Be Pro Be Proud Georgia, the state’s first mobile workforce workshop that introduces students to technical skills and options, visited Forsyth Central High School on Feb. 17-19, inviting kids to take part in simulation games while learning more about professions that are in high demand in the state.
Operations Manager Scott Callaway explained the Be Pro Be Proud Georgia initiative, launched by the Cherokee Office of Economic Development over the past summer, aims to introduce students in the metro Atlanta area to paths toward skilled professions to help find a solution to challenges currently facing Georgia’s workforce.
According to a statement from the Cherokee Office of Economic Development, more than 47% of Georgia’s skilled professionals are over the age of 45 and nearing retirement.
Callaway, a Georgia native, said he also wants to introduce students to options available to them after high school outside of a four-year university and degree.
“In some cases, you can go sit down at a university and choose a major that has no value in the marketplace, meaning there’s not a lot of jobs for it,” Callaway said. “And so you pay a lot for the education, you graduate, you get out there and then realize … it’s a tough road ahead out here. There are no jobs for [this profession] and I’ve got to go figure something else out.’”
Callaway travelled to the back parking lot at Forsyth Central for three days, welcoming groups of students onto the Be Pro Be Proud mobile workshop, a 40-foot custom trailer. Callaway spent the first fifteen minutes with each group introducing them to the initiative’s website and explaining different professions that are in high demand in the state.
The initiative highlights 15 different professions in five major industries: commercial transportation, technology, manufacturing, construction and health care.
One the website, students can take the time to look at different professions and find where their interests lie. From there, they can click on a profession they may be interested in to find more information about the number of those jobs available, who is hiring that kind of worker in Georgia, and how much the average employee makes.
It also shares information on where in the area they can find an educational program that will lead them into that job, how long those educational programs take and how much it would cost.
After directing them to the website, which serves as a tool for students to use while looking at their options after graduation, Callaway sends them off to start interacting with the mobile workstation’s six different simulators.
The stations include:
- A game, where two students touch tiles that light up in two different colors, that teaches hand-eye coordination;
- A welding simulator which challenges students to use a welding tool to combine two pieces of metal shown on a screen in front of them;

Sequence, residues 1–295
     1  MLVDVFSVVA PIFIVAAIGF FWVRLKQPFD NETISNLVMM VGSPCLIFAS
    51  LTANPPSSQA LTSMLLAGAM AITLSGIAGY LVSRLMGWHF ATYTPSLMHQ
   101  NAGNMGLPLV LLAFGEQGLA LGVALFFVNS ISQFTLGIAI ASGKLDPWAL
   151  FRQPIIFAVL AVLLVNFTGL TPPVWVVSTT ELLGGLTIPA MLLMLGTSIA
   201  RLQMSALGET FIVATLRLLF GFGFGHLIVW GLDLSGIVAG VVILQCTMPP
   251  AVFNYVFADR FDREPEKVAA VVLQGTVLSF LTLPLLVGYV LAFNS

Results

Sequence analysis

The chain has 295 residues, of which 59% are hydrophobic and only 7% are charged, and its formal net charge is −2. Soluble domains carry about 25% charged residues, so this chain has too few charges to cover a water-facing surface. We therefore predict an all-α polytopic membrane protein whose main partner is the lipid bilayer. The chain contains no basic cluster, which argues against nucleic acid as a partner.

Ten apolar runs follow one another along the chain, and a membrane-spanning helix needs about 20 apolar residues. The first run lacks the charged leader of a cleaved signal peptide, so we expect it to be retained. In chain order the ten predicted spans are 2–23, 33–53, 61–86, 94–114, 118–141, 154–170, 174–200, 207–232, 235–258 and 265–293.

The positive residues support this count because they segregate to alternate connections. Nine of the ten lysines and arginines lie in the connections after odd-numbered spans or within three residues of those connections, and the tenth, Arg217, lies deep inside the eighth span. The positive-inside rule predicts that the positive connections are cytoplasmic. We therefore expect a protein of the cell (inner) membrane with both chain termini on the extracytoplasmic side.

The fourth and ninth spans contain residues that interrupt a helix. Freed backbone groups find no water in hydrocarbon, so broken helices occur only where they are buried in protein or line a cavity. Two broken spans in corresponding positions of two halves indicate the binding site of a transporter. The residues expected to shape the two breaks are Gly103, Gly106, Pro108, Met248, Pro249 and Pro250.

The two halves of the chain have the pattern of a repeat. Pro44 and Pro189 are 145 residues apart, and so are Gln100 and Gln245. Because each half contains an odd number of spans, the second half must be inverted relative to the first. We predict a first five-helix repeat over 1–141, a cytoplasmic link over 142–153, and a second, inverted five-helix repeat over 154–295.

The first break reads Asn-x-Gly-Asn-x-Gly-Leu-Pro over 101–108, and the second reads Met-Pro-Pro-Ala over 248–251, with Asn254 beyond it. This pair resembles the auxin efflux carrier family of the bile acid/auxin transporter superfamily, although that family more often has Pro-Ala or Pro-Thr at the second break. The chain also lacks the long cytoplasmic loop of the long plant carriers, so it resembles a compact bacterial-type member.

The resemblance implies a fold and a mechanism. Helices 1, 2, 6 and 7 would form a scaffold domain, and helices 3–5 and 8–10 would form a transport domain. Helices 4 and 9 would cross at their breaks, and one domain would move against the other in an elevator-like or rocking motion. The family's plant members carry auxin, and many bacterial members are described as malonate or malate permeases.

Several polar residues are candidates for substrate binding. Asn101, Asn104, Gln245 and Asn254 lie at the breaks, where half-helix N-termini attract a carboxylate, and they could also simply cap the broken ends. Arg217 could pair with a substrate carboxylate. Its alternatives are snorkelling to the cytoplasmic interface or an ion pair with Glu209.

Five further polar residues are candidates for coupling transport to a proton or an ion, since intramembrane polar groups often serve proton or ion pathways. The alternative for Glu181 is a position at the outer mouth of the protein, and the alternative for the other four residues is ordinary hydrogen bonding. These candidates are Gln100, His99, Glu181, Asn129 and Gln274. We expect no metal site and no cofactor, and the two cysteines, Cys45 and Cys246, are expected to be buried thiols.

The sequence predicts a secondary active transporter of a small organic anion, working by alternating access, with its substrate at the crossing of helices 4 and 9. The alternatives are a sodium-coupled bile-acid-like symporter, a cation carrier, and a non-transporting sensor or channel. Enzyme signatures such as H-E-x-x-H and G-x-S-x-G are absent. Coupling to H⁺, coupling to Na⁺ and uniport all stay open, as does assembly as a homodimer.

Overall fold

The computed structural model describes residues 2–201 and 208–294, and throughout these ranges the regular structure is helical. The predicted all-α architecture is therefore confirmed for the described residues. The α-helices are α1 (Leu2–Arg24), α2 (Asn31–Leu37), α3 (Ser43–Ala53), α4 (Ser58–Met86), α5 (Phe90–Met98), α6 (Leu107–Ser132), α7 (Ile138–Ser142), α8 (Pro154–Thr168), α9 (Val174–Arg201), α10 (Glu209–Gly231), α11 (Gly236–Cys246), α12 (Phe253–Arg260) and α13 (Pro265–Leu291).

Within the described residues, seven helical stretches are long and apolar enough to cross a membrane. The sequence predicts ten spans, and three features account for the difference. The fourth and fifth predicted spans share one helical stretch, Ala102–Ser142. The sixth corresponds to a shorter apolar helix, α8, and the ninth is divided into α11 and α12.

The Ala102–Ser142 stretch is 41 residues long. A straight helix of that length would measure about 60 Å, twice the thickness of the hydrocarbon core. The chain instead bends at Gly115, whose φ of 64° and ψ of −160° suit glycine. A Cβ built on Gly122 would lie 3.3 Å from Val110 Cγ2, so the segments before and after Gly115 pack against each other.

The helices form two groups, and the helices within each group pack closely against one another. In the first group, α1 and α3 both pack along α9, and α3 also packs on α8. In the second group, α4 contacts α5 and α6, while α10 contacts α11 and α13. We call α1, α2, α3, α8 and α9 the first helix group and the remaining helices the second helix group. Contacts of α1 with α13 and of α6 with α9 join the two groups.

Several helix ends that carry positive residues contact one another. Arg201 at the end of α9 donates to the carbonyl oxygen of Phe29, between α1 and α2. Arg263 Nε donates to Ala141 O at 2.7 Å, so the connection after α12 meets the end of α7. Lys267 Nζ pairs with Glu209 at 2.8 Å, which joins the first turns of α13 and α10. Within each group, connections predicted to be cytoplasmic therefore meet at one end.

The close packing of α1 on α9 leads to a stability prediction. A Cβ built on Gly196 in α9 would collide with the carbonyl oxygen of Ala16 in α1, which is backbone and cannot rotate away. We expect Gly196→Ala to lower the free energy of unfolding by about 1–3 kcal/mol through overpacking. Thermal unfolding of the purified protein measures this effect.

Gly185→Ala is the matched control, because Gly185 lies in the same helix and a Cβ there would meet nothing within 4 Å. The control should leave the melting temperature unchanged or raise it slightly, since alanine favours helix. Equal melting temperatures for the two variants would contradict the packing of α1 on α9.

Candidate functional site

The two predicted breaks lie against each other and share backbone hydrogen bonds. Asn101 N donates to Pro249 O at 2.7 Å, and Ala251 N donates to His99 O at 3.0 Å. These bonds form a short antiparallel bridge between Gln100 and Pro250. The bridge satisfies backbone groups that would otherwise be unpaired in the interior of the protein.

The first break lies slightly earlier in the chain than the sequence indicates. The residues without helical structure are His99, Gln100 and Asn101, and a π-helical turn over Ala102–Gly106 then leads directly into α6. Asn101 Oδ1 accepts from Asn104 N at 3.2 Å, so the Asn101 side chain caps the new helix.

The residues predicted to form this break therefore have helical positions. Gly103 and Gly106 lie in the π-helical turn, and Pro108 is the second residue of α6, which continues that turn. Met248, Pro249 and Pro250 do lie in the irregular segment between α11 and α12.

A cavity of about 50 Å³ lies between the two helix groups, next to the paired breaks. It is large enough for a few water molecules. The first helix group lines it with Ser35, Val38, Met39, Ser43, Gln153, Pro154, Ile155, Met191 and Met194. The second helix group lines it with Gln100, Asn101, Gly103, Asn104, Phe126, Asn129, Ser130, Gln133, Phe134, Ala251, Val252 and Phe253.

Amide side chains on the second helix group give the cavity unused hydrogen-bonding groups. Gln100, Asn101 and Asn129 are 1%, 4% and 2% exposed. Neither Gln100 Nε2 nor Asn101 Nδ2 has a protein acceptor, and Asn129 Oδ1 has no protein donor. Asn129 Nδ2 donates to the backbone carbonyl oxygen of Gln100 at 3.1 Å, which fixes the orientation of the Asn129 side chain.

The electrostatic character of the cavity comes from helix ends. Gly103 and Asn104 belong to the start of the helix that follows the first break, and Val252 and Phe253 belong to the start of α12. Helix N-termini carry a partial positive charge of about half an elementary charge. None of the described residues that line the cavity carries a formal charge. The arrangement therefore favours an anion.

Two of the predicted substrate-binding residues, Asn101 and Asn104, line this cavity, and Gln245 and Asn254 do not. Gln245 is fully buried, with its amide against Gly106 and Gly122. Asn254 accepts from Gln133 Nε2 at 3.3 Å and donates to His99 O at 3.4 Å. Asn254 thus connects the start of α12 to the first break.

- A health care training module, which allows students to take a 3-D tour of the human body;
- A trucking simulator where students use a Logitech wheel and pedals hooked into an Xbox to drive a truck on screen and complete different challenges;
- A game where students attach pipes together on one of the walls of the trailer, working to build from one spot to the other while learning more about the work of plumbers;
- And a table where students can control a small robot and learn more about automation and robotics.
The stations serve as a fun, hands-on way for eighth- to 12th-grade students to learn more about the professions the initiative highlights.
Callaway said the skill sets required in these jobs — such as those in computer programming, commercial truck driving, plumbing, construction, automation and robotics— do not require students to earn a four-year degree. For many of these jobs, students can attend a technical school where they can spend less time and less money in college, which he said makes it a great option for those students who cannot afford to take out student loans.
He said that the global coronavirus pandemic that began last year has reminded many that these jobs are essential across the nation. No matter what happens in the country, a pandemic, recession or changing workforce, these jobs will always be in demand.
“It doesn’t matter if you live in this county or L.A., California,” Callaway said. “If you can do something in one of those five, you’ve got a career.”
The original Be Pro Be Proud initiative was created five years ago in Arkansas, and Callaway explained when others from Georgia showed up to one of the events, they began plans to expand. The initiative began in Georgia in July 2020, and the mobile workstation visited its first school, in Cherokee County, in October.
The visit to Forsyth Central marks one of the first visits to a school in North Georgia as they work to expand the initiative and inform kids all across the state about their options after graduation.
“Let’s let them know the whole spectrum of information, not just half it,” Callaway said.